FRESHMAN CARLY GRENFELL sets up the offense for the Bulldogs. Drake continues to look for a spark to separate itself from the middle of the pack in the Valley.

Three-game win streak highlights winter break action by Tad Unruh

Staff Writer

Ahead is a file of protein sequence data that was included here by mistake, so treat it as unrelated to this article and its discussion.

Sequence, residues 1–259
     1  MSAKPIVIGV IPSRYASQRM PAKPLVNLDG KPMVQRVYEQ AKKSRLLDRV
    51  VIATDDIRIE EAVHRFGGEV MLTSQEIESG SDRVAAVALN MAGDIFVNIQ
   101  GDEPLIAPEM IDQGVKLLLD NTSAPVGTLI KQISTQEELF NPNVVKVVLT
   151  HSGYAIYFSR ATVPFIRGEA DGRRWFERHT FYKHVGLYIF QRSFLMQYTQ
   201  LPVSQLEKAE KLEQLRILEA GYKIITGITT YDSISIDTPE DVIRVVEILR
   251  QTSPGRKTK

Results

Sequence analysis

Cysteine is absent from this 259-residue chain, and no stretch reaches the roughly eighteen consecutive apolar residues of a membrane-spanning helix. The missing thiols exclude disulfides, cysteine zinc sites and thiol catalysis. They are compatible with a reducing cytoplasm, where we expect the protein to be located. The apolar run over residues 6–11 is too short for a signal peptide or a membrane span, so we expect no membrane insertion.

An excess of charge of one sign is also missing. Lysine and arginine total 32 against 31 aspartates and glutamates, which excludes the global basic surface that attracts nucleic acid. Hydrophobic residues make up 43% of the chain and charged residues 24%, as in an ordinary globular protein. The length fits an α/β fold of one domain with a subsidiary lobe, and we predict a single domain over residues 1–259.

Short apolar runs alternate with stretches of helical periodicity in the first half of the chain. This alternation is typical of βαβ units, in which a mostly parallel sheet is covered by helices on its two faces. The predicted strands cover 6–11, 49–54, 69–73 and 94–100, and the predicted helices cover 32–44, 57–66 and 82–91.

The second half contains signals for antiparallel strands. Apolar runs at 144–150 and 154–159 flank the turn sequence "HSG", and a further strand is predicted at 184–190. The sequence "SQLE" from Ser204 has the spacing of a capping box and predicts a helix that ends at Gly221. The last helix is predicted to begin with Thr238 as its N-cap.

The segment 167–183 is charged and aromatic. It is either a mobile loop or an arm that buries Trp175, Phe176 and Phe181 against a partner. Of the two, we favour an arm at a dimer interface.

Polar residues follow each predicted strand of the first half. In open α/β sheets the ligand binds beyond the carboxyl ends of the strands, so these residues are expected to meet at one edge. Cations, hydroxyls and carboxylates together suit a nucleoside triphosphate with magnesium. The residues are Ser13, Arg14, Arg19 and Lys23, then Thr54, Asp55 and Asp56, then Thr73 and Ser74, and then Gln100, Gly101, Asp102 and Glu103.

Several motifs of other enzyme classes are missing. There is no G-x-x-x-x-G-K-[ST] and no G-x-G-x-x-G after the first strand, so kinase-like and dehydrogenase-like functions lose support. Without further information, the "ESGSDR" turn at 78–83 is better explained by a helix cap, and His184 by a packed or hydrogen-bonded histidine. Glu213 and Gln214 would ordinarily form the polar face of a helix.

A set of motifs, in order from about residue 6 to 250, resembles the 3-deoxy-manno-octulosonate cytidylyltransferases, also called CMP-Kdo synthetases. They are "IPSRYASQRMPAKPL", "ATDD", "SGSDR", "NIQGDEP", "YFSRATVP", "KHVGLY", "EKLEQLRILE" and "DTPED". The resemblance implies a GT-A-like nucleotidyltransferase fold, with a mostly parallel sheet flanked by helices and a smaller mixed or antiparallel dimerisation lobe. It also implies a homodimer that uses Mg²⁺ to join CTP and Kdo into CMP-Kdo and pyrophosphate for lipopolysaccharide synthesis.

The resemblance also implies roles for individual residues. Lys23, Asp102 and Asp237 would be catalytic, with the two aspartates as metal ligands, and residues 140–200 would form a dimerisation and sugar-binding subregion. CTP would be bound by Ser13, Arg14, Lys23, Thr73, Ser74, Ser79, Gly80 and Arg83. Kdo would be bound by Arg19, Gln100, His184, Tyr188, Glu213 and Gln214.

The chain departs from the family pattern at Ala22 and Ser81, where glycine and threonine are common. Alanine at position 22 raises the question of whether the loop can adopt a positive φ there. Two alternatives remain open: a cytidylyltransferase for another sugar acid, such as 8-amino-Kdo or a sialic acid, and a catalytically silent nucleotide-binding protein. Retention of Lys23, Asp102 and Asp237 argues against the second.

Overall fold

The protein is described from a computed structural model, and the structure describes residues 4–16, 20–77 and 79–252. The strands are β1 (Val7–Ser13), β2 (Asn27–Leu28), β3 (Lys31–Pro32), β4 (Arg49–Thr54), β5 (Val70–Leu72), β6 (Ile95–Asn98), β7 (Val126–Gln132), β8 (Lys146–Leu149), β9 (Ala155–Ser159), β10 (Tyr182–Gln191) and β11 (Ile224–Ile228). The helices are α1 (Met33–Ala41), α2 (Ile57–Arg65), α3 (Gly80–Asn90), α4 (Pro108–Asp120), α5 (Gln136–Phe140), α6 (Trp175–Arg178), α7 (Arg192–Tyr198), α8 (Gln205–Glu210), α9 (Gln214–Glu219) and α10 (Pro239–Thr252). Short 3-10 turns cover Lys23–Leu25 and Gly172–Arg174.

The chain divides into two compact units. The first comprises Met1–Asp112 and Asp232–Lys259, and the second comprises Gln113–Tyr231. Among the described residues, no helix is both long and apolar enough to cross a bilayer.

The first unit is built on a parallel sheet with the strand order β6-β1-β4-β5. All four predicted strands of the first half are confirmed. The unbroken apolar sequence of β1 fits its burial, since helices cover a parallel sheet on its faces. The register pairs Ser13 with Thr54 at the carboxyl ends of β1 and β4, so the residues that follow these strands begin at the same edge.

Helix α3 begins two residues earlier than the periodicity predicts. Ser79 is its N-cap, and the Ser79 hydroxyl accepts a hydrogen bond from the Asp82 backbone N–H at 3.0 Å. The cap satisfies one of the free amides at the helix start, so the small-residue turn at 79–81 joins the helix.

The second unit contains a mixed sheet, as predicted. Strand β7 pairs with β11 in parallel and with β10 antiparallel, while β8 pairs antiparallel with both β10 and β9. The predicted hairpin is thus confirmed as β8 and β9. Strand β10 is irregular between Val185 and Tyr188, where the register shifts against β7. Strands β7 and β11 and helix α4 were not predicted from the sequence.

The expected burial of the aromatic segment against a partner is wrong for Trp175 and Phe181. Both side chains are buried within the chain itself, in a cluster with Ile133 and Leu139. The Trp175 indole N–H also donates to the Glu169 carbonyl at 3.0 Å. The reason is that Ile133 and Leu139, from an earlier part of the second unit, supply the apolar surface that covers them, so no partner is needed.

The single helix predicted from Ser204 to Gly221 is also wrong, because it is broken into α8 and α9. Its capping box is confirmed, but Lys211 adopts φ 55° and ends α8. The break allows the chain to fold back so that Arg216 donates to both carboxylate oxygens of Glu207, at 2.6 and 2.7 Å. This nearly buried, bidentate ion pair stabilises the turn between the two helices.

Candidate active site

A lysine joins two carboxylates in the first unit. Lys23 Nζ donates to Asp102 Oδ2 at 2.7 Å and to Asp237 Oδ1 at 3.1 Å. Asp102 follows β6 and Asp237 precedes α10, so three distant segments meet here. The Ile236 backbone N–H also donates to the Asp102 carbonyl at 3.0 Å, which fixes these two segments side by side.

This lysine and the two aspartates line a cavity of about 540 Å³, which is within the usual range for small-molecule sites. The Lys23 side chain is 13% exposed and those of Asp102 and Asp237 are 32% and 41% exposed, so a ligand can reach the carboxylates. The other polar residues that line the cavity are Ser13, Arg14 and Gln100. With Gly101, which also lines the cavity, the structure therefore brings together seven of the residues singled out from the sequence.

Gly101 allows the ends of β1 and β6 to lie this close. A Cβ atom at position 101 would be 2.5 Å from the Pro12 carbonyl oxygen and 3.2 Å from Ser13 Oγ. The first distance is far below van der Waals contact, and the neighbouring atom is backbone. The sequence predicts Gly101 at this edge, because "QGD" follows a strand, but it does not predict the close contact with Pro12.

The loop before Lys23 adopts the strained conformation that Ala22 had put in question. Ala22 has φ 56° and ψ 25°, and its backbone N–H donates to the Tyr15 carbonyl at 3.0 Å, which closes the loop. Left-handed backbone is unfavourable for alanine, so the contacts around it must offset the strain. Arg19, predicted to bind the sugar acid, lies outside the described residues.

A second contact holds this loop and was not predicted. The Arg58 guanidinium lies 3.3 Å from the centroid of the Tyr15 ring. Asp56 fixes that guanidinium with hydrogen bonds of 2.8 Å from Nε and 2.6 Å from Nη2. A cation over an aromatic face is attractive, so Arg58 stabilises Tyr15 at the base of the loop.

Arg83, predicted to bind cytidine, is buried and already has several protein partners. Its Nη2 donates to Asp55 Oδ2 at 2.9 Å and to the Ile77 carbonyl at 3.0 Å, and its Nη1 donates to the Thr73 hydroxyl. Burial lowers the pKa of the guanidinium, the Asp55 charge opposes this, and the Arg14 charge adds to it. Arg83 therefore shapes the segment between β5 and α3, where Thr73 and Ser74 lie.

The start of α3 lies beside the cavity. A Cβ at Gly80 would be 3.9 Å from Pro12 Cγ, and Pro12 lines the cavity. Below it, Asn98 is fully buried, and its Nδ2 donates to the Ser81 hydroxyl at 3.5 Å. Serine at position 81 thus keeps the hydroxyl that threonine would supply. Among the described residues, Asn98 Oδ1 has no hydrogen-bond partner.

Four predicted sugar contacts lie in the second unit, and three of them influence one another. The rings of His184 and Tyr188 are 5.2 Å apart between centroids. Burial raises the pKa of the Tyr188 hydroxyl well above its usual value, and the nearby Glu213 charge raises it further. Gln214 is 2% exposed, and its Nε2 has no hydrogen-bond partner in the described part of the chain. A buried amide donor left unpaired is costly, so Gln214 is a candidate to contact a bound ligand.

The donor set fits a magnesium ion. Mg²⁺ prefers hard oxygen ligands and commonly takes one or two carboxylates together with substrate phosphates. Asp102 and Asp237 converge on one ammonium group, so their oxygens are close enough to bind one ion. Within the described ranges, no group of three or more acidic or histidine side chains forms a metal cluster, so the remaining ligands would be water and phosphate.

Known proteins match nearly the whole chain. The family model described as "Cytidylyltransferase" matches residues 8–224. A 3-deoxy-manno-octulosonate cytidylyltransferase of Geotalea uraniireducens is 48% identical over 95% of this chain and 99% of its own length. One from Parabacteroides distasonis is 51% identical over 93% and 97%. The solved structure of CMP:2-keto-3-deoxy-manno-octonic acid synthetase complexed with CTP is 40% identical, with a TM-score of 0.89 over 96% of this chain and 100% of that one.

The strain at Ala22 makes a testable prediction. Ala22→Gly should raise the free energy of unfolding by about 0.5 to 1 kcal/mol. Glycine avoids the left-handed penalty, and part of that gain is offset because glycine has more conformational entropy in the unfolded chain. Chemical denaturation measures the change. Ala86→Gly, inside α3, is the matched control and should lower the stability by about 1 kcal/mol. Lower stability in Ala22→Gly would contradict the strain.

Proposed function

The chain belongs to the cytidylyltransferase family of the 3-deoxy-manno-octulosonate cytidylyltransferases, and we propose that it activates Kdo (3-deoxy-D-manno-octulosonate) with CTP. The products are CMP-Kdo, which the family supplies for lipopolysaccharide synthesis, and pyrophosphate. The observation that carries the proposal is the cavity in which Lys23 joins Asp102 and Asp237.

The holiday break for the Drake women’s basketball team was anything but stale. The Bulldogs went 4-3 overall and started off the Missouri Valley Conference season by netting a respectable three wins and two losses; but in no way does their record tell the story of the trials and tribulations of their holiday trek. To take the holiday break at a glance in numbers, the Bulldogs took on nationally ranked in-state rival Iowa at home on Dec. 20 and took them to the wire. They ended up losing a hard fought game against the Hawkeyes, 71-75, a game which they led at halftime by six points. Finishing those types of games will put them in the upper echelon of the Missouri Valley, said senior Kristin Turk. “It is always better to come out on top. You never feel good about a loss but can feel good about competing,” Turk said. “We played a top-20 team to under four points. We can be really proud about our effort.” After the heartbreaking loss to rival Iowa, the Bulldogs beat Mountain West Conference opponent Air Force at home on Christmas Eve. This was a very special night for Turk, as she became the 21st Bulldog to join the 1,000-point club. She scored a total of 23 points in that game. After the non-conference home stand, the Bulldogs headed to Omaha kicking off their Missouri Valley season with a three-game road trip. Their first Missouri Valley opponent was the rival Bluejays of Creighton. It would soon prove to not be the team’s night as the players got into foul trouble early in the game. Both Turk and junior Rachael Hackbarth scored 11 points backed up by 10 points each from freshmen Angela Christianson and Morgan Reid. Drake then traveled to Southern Illinois to take on the Salu-